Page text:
During the 19th century, it was the custom to take an early breakfast and a late supper. Anna Maria Stanhope, the seventh Duchess of Bedford (1783-1857), found that this long gap between meals resulted in a "sinking feeling" at about four o'clock, and so invented afternoon tea as a way to fill the gap.
At first, the Duchess had her servants sneak her a pot of tea (likely English Breakfast, Earl Grey, Lapsang Souchong, or Darjeeling) and a few breadstuffs.
Later adopting the European tea tradition, she was fond of inviting friends for tea in her rooms at Belvoir Castle. Thus, she created a fashionable practice among ladies of the upper classes - small cakes, bread and butter sandwiches, petit fours, and delectable teas.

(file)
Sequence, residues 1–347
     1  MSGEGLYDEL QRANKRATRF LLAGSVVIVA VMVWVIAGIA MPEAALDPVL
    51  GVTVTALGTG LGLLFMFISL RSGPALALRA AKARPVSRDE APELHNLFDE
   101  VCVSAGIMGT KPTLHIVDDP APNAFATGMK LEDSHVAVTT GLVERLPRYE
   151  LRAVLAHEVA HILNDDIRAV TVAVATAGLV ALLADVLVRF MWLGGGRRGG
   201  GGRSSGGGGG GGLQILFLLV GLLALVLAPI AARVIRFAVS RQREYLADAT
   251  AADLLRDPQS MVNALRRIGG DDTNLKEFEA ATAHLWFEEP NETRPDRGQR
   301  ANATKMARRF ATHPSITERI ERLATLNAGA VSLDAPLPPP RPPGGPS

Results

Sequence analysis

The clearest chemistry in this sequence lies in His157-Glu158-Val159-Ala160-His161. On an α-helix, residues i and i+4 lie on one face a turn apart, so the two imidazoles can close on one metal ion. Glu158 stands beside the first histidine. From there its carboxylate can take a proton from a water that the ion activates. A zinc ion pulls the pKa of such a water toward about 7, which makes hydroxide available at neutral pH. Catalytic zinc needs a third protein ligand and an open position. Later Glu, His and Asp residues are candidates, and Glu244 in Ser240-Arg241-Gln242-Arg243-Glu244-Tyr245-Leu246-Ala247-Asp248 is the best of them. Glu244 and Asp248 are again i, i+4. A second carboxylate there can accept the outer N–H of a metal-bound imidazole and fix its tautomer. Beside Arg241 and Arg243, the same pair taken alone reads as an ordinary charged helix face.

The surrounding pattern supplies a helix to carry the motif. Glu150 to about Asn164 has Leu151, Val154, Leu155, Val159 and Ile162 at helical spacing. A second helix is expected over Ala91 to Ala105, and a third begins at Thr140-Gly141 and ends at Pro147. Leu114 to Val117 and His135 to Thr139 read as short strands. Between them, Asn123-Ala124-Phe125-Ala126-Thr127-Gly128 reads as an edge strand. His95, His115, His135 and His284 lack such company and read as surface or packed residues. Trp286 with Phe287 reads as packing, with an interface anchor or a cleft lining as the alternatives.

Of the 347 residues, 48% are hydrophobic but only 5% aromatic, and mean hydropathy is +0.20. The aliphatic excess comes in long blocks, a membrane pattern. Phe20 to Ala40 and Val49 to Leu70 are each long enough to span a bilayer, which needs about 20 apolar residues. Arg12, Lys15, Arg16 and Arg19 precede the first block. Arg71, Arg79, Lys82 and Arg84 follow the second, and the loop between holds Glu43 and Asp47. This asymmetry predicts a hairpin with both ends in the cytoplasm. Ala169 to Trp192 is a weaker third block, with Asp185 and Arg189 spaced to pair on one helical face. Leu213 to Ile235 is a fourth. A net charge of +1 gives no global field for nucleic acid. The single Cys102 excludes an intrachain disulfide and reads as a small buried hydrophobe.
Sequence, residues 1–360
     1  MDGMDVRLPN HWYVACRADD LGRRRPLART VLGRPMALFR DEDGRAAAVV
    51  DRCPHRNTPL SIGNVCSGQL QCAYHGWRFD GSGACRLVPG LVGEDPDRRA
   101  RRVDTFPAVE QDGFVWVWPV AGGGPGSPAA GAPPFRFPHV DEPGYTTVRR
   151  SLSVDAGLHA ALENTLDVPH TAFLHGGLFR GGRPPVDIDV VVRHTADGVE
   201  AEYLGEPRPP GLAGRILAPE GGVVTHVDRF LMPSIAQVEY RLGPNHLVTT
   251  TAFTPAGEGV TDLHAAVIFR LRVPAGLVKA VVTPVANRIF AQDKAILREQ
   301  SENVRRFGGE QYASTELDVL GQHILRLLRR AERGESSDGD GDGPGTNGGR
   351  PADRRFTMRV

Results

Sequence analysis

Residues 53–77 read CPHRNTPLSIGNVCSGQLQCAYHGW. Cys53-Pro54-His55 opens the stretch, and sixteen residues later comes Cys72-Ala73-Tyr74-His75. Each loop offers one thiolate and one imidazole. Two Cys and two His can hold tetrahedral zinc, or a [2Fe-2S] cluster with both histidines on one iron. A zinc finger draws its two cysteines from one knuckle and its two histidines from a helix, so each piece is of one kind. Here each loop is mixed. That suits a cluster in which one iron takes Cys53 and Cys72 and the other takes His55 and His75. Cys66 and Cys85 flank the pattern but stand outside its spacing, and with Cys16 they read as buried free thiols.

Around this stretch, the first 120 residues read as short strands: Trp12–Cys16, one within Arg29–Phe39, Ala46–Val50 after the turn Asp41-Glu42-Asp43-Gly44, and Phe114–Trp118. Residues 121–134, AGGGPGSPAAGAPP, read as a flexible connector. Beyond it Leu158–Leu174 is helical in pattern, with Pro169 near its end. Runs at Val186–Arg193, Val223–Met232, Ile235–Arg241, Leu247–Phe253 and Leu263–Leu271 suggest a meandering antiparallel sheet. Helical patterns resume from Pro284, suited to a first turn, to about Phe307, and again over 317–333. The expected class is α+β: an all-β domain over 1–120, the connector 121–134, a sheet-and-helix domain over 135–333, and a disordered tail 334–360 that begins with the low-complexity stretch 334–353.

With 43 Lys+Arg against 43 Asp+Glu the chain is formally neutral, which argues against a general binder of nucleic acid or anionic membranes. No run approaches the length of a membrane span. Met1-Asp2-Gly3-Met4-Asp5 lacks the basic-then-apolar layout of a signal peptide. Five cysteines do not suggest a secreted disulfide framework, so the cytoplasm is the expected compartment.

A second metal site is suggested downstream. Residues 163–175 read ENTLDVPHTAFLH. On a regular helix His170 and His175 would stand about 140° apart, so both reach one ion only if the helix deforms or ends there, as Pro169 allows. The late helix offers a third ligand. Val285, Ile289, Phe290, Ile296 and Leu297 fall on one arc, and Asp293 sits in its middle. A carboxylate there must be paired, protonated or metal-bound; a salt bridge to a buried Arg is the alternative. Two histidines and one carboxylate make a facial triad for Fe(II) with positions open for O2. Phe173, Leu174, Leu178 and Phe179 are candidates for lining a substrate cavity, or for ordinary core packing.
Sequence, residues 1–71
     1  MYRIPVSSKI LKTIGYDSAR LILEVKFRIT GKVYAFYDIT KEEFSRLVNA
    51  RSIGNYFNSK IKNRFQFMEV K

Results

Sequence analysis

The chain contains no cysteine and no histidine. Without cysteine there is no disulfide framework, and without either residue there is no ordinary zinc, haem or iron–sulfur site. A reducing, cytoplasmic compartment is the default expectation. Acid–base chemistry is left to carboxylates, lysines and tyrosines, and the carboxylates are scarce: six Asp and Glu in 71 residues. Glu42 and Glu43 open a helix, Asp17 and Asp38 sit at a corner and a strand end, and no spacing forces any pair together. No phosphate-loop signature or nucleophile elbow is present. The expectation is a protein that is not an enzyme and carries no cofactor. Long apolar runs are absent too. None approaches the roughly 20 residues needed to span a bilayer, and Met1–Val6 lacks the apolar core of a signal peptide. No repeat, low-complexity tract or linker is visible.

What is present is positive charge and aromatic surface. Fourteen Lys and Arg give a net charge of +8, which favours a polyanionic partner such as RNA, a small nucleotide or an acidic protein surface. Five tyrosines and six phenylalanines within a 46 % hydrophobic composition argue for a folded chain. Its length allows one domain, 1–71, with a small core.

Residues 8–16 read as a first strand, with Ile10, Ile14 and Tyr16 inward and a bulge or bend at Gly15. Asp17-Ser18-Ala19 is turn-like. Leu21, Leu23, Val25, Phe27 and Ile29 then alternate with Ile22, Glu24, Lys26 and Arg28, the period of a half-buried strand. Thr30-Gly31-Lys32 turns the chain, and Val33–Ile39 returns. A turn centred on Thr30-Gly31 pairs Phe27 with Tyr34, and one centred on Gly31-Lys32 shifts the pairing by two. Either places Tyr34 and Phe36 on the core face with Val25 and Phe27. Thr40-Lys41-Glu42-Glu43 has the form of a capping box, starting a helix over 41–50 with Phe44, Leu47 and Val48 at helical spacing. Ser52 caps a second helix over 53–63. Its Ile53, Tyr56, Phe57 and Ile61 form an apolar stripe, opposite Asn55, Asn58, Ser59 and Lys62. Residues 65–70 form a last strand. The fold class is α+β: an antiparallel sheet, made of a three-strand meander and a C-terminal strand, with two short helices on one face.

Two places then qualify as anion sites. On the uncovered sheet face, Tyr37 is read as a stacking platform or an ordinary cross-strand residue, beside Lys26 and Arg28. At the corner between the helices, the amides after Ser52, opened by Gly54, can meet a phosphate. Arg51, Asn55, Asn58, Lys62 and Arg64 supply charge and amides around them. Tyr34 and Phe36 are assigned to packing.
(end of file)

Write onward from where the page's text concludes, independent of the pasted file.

The Duchess continued this tea practice upon her return to London, sending a stream of invite cards to her friends asking them to join her for "tea and a walk in the fields."
Its popularity spread, and four o'clock tea became a daily ritual of British life, and for some, the main meal of the day.